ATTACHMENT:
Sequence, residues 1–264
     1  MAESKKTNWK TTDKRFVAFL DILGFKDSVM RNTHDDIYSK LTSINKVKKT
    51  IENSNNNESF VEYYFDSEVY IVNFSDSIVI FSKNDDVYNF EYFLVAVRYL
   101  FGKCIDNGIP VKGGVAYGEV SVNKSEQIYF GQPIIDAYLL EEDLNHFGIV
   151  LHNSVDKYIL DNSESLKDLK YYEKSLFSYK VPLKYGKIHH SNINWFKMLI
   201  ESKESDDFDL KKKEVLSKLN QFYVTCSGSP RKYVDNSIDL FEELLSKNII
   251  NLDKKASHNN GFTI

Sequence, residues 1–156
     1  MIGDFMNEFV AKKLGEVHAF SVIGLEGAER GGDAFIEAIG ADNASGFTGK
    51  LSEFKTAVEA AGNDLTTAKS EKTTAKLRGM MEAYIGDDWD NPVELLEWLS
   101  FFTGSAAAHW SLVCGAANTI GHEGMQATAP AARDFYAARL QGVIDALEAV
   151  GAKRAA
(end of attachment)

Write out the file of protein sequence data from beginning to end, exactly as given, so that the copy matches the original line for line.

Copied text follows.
Sequence, residues 1–264
     1  MAESKKTNWK TTDKRFVAFL DILGFKDSVM RNTHDDIYSK LTSINKVKKT
    51  IENSNNNESF VEYYFDSEVY IVNFSDSIVI FSKNDDVYNF EYFLVAVRYL
   101  FGKCIDNGIP VKGGVAYGEV SVNKSEQIYF GQPIIDAYLL EEDLNHFGIV
   151  LHNSVDKYIL DNSESLKDLK YYEKSLFSYK VPLKYGKIHH SNINWFKMLI
   201  ESKESDDFDL KKKEVLSKLN QFYVTCSGSP RKYVDNSIDL FEELLSKNII
   251  NLDKKASHNN GFTI

Sequence, residues 1–156
     1  MIGDFMNEFV AKKLGEVHAF SVIGLEGAER GGDAFIEAIG ADNASGFTGK
    51  LSEFKTAVEA AGNDLTTAKS EKTTAKLRGM MEAYIGDDWD NPVELLEWLS
   101  FFTGSAAAHW SLVCGAANTI GHEGMQATAP AARDFYAARL QGVIDALEAV
   151  GAKRAA